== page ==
Had a long interesting conversation with Gary Wolfe today. We touched on what, if any, influence Robert Heinlein continues to have on the science fiction field today. My own thought is that his last influential novel (not good, just influential) was Starship Troopers. That puppy smacked the field around, and the amount of stuff written because of it is phenomenal. I also think the reason that he looks like he isn’t influential any longer is that his influence has been absorbed into the very fabric of the field itself.
That lead on to thinking about writers who are proving to be surprisingly influential today, like Jack Vance and Philip Jose Farmer. I think you can readily and increasingly see their influence on the field, but I wonder if that’s because their influence is sufficiently smaller that you can actually detect it against the backdrop of other SF being written. And, as a follow-on, is Steven Erikson the new Phil Farmer? I wonder.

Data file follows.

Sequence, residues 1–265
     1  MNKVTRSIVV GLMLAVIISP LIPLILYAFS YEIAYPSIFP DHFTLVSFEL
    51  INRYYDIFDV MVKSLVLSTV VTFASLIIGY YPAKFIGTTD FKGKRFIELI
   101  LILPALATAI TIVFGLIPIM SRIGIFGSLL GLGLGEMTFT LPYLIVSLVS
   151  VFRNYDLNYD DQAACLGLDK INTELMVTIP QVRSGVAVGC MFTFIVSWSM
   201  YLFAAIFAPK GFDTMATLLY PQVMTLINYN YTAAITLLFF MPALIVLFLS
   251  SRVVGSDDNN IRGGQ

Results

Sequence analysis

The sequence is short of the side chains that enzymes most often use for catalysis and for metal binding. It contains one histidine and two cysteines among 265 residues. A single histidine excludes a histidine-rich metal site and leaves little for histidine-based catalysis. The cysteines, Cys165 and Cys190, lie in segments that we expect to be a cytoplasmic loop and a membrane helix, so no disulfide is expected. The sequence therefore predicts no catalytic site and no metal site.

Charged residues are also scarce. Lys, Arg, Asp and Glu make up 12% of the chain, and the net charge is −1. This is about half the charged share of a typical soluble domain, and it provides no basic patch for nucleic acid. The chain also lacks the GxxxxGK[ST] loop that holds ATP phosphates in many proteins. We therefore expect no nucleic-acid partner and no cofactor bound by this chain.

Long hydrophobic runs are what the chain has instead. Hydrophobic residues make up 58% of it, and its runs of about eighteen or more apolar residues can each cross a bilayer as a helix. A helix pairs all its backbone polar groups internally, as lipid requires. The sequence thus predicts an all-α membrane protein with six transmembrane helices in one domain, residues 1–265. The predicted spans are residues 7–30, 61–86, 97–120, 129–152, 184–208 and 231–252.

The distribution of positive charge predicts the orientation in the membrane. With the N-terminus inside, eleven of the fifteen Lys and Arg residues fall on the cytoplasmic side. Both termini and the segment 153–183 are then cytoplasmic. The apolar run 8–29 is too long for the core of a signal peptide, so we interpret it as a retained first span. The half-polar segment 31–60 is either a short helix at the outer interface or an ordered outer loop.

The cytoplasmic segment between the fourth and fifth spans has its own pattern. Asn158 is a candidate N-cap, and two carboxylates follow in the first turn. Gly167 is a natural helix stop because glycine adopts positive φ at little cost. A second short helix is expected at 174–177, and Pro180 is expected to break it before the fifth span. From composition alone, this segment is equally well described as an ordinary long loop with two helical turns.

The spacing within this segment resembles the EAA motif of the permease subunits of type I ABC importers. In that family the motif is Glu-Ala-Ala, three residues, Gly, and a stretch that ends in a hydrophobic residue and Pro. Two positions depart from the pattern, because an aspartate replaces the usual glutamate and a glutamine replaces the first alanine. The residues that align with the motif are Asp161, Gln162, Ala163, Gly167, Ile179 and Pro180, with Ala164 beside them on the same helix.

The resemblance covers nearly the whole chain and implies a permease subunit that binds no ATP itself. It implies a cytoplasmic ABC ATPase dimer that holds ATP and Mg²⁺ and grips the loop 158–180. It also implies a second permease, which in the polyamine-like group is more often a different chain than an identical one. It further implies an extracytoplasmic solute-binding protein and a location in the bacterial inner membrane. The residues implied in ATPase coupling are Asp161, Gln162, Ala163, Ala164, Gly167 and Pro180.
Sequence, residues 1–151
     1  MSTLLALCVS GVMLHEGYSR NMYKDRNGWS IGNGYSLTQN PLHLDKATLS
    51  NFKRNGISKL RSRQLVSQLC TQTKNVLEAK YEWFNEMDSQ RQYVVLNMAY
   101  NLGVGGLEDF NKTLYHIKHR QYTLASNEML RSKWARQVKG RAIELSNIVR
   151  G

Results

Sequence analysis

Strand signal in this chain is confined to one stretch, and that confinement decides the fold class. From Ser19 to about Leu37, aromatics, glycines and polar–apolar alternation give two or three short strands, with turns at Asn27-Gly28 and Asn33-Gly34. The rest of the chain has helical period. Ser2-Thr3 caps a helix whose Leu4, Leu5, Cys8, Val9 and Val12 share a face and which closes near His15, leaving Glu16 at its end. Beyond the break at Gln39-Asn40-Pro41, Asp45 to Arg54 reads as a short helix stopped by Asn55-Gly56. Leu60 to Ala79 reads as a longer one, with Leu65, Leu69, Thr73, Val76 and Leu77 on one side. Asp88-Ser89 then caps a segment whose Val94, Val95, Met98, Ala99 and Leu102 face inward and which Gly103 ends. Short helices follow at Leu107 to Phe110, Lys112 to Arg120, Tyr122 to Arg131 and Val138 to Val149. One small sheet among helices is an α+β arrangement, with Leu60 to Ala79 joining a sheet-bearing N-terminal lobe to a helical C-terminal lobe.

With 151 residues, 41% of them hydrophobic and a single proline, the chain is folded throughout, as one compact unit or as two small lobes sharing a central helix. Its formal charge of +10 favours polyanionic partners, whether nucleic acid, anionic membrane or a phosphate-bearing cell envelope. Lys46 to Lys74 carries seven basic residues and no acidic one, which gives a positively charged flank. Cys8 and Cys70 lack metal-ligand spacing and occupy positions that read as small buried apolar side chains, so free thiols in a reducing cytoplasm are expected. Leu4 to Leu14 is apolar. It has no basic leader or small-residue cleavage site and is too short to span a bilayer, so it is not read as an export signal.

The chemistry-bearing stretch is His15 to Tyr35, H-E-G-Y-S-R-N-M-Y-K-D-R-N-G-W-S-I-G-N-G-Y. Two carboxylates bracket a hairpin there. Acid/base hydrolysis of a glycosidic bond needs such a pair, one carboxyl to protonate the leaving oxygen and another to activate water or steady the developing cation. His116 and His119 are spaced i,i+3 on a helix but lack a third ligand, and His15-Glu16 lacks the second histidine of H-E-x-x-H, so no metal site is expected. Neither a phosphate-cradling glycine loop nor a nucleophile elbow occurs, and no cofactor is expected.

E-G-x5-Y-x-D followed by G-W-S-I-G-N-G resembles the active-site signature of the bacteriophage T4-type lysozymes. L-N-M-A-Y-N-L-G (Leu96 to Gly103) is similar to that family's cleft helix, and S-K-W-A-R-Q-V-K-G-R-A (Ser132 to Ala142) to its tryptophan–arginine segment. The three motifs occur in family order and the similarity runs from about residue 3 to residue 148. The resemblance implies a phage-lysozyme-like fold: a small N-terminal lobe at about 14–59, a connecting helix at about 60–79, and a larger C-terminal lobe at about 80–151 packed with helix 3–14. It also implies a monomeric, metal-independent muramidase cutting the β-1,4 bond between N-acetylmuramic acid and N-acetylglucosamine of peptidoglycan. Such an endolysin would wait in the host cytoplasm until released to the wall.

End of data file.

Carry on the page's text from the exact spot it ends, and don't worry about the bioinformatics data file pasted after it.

From there we wandered on to discussing what has influenced the field, what hasn’t, and who is likely to have a long term impact. I think I surprised Gary by suggesting that Vernor Vinge may be forgotten, but we agreed about a lot of other stuff. One thing we went around about for a while was whether there had been any really defining or influential novel since Neuromancer, one that the whole field had responded to. I can’t think of one. Can you guys? There have been a lot of fine novels, and many that deserve a lot of respect, but none that grabbed the zeitgeist the same way.